“Just as a city cannot be seen until it is painted, a city cannot be read until it is written”.
For French historians by profession or obsession, Christopher Prendergast combines the social and cultural history of nineteenth century Paris with literature, painting and photography.
Prendergast gives different perspectives from critics culminating a large archive which is “potentially unmanageable”. His arguments are: 1) to make sense of this modern city and one’s place in it , 2) terms which the city exceeds identification and identity and 3) the price paid by artists trying to make Paris conform to an intelligible design. He has organized these themes around the notion that Paris is a “space affected by time, arranged and altered by history”(3).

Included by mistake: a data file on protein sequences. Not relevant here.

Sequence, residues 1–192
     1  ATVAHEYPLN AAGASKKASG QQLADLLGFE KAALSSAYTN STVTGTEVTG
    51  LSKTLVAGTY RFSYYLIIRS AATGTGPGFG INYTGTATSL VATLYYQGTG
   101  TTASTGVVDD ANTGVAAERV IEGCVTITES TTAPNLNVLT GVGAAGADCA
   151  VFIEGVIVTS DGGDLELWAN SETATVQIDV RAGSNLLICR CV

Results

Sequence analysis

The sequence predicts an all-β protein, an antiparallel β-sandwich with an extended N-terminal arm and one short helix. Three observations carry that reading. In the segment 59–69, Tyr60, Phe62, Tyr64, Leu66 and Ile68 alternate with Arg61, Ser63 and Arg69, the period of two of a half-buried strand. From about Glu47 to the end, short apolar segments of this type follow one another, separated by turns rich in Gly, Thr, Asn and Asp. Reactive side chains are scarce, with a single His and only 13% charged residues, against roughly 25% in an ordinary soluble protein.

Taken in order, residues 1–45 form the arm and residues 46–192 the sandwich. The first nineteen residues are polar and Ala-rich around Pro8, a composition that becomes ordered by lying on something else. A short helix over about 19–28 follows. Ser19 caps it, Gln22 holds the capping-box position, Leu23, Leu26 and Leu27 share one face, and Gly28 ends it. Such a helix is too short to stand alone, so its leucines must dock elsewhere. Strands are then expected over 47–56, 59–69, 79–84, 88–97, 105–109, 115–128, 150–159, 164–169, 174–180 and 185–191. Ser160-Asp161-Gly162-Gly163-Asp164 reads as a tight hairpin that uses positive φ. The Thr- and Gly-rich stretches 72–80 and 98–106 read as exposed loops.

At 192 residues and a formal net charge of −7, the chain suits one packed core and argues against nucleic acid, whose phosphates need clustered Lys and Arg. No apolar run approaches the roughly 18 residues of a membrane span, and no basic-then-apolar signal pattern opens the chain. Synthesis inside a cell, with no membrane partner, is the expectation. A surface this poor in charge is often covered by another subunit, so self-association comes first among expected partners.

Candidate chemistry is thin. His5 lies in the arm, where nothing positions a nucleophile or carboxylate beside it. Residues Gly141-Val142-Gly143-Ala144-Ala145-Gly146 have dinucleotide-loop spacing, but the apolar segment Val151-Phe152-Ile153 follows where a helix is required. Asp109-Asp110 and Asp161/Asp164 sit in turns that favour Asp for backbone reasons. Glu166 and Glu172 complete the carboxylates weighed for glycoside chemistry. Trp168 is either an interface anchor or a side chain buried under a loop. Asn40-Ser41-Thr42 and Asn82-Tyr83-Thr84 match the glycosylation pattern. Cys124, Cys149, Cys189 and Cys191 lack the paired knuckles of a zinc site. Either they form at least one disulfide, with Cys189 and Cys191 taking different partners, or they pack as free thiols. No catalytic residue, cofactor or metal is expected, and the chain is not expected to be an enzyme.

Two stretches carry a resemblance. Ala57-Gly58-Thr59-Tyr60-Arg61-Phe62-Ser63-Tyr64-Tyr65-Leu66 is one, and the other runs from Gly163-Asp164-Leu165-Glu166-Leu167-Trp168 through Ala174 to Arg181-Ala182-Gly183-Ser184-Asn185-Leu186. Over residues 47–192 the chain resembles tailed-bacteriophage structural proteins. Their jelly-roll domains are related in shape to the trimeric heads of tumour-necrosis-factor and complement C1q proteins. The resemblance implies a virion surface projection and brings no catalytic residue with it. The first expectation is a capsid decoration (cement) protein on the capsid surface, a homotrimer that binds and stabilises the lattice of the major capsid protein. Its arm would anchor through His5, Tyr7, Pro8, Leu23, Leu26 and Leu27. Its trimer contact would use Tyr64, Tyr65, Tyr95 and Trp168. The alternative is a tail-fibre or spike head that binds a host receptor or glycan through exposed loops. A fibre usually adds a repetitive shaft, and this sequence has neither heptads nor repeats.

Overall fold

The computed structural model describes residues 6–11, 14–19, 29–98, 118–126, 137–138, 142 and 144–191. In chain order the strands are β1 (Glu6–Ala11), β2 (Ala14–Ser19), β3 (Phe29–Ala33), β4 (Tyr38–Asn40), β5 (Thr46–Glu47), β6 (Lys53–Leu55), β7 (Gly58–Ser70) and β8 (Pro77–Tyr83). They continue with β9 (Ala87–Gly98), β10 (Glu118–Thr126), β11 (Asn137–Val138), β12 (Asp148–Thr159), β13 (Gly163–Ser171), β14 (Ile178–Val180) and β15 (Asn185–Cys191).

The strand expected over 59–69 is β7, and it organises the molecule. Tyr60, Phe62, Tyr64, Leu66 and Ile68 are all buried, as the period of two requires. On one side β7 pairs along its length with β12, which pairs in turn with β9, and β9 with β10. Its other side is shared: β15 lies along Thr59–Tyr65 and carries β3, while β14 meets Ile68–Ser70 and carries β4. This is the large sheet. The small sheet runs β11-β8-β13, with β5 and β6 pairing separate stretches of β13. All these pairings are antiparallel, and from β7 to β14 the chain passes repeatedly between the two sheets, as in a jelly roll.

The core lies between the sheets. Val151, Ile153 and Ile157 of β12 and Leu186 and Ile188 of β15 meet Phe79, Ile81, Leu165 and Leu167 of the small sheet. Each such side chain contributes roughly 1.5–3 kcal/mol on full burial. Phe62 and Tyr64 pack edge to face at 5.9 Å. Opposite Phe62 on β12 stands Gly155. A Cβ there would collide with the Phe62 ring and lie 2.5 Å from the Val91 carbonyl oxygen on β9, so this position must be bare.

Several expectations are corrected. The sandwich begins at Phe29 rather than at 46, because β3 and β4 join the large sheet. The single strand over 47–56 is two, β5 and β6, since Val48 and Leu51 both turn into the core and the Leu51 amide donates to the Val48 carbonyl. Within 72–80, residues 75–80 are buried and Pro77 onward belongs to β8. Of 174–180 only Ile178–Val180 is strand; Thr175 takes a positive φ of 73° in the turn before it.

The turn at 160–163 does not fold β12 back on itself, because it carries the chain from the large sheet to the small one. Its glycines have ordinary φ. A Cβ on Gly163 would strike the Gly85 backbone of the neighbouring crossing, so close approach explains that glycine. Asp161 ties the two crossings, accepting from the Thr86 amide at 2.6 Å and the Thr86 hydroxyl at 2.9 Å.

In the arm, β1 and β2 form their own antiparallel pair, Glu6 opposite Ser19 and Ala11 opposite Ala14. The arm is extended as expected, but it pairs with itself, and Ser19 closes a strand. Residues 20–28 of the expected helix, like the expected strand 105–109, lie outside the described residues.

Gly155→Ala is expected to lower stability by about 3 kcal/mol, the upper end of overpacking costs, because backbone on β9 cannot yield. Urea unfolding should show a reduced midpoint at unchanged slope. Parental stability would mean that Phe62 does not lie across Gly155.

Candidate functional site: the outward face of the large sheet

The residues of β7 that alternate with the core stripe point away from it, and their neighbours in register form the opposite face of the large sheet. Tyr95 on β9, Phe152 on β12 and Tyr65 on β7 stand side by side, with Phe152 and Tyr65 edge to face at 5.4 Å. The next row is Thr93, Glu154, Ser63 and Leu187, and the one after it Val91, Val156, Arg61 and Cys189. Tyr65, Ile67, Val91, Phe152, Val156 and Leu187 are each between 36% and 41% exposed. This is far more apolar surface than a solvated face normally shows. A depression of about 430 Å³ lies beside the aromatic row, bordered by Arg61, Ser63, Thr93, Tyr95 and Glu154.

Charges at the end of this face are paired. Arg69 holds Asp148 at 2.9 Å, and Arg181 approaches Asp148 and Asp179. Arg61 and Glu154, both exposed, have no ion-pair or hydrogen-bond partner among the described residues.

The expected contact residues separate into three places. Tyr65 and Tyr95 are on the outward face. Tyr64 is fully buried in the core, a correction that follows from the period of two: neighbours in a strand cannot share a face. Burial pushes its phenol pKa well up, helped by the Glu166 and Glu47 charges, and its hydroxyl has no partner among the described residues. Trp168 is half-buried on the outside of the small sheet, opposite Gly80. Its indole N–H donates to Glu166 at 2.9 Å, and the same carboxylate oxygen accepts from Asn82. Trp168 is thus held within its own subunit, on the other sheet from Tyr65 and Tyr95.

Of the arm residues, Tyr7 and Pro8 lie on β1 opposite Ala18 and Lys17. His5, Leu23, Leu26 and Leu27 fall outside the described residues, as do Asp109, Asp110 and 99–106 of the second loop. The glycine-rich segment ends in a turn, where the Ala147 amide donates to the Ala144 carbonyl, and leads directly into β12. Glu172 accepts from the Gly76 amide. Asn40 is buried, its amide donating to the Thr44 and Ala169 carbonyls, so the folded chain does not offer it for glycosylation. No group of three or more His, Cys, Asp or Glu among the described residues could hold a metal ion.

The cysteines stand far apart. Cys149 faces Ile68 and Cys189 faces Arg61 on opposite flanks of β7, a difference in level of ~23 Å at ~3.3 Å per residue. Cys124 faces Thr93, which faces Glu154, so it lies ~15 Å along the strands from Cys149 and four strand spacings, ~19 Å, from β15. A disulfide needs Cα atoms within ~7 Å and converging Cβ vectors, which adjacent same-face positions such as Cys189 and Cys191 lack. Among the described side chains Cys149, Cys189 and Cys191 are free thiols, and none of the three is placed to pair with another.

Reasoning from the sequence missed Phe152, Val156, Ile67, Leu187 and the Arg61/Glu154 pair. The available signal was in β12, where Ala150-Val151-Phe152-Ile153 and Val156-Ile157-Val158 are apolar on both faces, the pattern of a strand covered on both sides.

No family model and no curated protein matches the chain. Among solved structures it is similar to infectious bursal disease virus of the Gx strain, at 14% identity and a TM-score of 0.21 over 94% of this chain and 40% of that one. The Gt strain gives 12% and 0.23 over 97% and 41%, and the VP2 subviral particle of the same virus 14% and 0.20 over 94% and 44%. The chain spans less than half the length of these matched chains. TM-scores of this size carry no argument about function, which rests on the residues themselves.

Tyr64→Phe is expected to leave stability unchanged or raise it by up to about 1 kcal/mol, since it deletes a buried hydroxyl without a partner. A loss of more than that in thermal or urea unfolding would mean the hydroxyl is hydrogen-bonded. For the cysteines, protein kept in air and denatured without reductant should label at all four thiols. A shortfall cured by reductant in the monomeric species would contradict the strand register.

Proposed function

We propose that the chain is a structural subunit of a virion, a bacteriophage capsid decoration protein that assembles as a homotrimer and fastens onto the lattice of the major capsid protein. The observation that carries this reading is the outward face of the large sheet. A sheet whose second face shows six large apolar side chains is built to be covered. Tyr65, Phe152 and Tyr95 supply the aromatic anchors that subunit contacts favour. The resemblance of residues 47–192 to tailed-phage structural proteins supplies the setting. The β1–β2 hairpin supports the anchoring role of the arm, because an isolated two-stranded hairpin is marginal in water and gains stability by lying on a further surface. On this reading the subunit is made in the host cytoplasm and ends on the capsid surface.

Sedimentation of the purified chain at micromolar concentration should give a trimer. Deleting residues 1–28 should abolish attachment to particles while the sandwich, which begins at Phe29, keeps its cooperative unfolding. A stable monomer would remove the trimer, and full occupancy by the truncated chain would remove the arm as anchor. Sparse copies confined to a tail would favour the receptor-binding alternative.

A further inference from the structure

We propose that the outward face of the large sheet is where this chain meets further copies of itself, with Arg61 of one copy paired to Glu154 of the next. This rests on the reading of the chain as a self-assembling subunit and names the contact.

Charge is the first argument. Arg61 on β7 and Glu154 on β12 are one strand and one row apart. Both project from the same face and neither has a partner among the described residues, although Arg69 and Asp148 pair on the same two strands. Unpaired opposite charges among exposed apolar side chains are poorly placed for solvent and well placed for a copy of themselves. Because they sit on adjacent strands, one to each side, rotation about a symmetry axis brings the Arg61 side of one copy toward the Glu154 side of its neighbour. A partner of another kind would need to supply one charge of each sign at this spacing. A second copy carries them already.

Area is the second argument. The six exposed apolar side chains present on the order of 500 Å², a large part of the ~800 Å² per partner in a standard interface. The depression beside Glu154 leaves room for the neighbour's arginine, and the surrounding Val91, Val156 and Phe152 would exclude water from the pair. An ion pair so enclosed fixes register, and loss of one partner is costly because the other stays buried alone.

Based on the major nineteenth century texts of Balzac, Hugo, Baudelaire, Flaubert, Zola, and others, Prendergast shows how Paris has been depicted, reinvented and rediscovered. He explains the new identity of Paris in the muddled “bric-a-brac” of Haussmanization (Baudelaire Fleurs du Mal) and the view from the cafe, parks and boulevards as depicted by the Impressionists and Balzac’s Scènes de la vie Privée: “Paris est Paris, voyez-vous, Ce mot explique ma vie” (Balzac, Père Goriot). Prendergast takes issue with Balzac’s interpretation in Scènes de la vie Privée stating that the nineteenth century in which his characters stroll through is “to convenient as a free field of stimulus and adventure”.
I appreciated the author’s insights and criticisms of the Impressionists and writers of this time period as they “mirrorred ” Paris in their works. I had previously taken these impressions to heart and built an image in my mind of Paris, through the flâneur, as an iconic, bourgeois utopia. Paris and the Nineteenth Century helped me to look at the century as a whole, and how art and literature impacted Paris politically and socially.